Criminal Defense of Immigrants


§ 7.4 A. Deportation Grounds

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Appendix D contains a checklist, and a brief description, of all 52 deportation grounds, and indicates which of them are triggered by a criminal conviction and whether a waiver of or an exception to the ground of deportation may be available.  See also Chapter 17, infra.


                About half of the 52 different grounds of deportation are triggered by a specified criminal conviction.[6]  If there is no conviction, as defined under immigration law,[7] these deportation grounds cannot be established and a noncitizen cannot be removed under any of these conviction-based grounds of deportation.  For a checklist and discussion of the various dispositions in criminal cases that do not constitute convictions for purposes of deportation, see § 7.21, infra.


Conviction-based grounds of deportation are preferred by the immigration authorities because of ease of proof.  In general, a certified court document is sufficient to establish the existence of the conviction.[8] If the record of conviction, as shown by another list of official documents, see § § 16.15-16.33, infra, establishes the nature of the conviction, and the nature of the conviction falls within the boundaries of any of the conviction-based grounds of deportation, the noncitizen is deportable.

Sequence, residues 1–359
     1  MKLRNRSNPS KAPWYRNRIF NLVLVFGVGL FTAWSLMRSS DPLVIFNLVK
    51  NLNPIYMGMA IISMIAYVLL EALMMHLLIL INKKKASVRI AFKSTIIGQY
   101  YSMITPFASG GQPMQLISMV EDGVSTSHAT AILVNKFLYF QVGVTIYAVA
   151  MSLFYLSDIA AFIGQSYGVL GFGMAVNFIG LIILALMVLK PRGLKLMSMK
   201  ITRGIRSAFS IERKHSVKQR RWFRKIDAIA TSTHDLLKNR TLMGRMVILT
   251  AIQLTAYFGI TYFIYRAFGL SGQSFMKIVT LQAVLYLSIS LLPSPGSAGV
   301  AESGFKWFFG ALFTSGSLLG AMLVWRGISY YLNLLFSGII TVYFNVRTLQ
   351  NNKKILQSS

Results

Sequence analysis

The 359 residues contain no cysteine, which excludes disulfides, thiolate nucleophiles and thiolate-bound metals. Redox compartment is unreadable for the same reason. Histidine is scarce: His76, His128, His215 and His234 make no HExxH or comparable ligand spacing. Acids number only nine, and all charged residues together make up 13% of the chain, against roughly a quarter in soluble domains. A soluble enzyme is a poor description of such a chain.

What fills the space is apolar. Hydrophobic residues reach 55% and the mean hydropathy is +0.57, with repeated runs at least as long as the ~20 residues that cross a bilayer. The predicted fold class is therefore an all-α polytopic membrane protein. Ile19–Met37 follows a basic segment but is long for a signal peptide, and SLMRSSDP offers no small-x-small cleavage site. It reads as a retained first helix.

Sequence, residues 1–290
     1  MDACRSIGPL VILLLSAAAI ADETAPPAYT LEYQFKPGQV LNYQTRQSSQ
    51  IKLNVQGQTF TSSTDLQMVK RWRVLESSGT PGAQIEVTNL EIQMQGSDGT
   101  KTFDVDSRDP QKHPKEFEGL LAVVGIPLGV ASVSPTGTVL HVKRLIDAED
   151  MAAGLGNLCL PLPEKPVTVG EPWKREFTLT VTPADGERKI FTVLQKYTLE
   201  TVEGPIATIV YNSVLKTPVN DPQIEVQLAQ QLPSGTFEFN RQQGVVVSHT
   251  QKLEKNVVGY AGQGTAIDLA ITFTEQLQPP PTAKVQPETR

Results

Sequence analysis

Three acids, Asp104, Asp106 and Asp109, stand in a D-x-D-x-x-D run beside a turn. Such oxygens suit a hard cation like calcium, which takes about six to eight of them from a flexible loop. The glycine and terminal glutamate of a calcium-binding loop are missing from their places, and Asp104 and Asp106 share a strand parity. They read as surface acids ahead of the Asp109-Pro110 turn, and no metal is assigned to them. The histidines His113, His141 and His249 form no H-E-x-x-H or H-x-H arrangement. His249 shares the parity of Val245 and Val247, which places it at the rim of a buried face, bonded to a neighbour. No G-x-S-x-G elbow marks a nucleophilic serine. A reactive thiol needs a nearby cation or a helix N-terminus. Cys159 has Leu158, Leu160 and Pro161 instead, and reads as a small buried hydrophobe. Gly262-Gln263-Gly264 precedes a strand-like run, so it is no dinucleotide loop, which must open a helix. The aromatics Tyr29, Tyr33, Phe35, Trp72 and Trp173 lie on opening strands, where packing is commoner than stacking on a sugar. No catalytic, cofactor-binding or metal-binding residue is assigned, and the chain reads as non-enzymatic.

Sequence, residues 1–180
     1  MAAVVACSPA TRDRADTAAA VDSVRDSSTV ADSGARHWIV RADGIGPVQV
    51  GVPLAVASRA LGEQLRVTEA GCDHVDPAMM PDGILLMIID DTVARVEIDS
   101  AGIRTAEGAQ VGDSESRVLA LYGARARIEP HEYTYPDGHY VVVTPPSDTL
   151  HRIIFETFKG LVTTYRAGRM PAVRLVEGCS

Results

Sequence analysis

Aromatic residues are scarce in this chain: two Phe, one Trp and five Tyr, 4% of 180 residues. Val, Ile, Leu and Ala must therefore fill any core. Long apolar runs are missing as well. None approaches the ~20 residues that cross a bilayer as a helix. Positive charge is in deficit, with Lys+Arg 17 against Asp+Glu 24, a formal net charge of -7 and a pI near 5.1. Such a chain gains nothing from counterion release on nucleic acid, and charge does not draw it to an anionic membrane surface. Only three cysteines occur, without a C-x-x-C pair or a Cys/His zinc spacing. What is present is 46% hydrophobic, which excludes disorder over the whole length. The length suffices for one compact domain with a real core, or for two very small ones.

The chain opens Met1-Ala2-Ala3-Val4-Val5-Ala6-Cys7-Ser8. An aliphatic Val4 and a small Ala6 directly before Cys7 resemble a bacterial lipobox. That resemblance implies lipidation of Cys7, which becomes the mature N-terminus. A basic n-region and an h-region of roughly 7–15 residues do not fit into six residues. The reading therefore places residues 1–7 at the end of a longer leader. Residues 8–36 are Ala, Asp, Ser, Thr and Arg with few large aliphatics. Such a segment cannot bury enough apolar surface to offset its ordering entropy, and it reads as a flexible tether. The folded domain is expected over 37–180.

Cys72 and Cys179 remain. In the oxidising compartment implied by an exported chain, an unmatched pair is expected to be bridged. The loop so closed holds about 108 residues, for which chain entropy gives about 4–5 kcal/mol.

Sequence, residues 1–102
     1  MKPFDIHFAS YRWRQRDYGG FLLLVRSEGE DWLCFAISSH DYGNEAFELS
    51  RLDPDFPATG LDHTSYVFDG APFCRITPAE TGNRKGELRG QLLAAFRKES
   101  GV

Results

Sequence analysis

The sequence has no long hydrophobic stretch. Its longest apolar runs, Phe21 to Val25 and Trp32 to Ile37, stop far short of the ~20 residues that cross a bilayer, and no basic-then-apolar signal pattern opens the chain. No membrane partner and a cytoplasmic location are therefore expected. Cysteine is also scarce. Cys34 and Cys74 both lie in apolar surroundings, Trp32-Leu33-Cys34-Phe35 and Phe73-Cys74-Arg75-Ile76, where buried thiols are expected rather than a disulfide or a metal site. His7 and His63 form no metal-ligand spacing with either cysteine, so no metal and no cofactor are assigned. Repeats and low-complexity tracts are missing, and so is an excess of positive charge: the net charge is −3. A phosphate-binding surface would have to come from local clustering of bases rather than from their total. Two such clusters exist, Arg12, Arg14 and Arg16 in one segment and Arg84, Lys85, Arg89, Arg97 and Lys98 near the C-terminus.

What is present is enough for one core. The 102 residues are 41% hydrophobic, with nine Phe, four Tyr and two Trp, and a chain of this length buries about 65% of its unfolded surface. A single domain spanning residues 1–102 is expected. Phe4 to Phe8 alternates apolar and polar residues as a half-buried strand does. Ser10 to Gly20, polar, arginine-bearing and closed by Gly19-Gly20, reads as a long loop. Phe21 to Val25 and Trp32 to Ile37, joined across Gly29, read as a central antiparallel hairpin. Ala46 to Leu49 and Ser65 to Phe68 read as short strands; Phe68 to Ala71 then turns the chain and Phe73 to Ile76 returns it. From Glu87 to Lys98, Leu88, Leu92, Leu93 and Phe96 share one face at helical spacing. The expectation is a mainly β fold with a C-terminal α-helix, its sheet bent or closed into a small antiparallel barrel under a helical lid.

The documents that make up the record of conviction for determining the elements to which a noncitizen entered a plea of guilty are not the same as the documents that may be considered by the immigration authorities in establishing the mere existence of a conviction.[9]  While cases have determined which documents make up the “record of conviction,” the documents that may be presented to prove the fact of conviction are listed under the Act and regulations.[10]  See § 16.16, infra.

[6] These conviction-based grounds of deportation are also defined in Appendix D, [1], [3]-[6], [9], [11], [16]-[18], [21], [32], [34], [35], [40], [45], [46], [49], [51], [52], infra.

[7] INA § 101(a)(48)(A), 8 U.S.C. § 1101(a)(48)(A).

[8] The documents that may be presented to prove the fact of conviction are listed under the Act and regulations.  INA § 240(c)(3)(B), 8 U.S.C. § 1129a(c)(3)(B); 8 C.F.R. § 1003.41.

[9] See Matter of Teixiera, 21 I. & N. Dec. 316, 319 (BIA) (holding that a police report does not belong on either list: “The only document introduced into evidence that we consider to be part of the respondent’s “record of conviction,” or that fits any of the regulatory descriptions found at 8 C.F.R. § 1003.41 for documents that are admissible as evidence in any proceeding before an Immigration Judge in proving a criminal conviction, is the record of plea, verdict, and sentence. See 8 C.F.R. § § 1003.41(a)(2), (5), (6). The police report is not part of a “record of conviction,” nor does it fit any of the regulatory descriptions. Cf. 8 C.F.R. § 1003.41.”).

[10] INA § 240A(c)(3)(B), 8 U.S.C. § 1129a(c)(3)(B); 8 C.F.R. § 1003.41.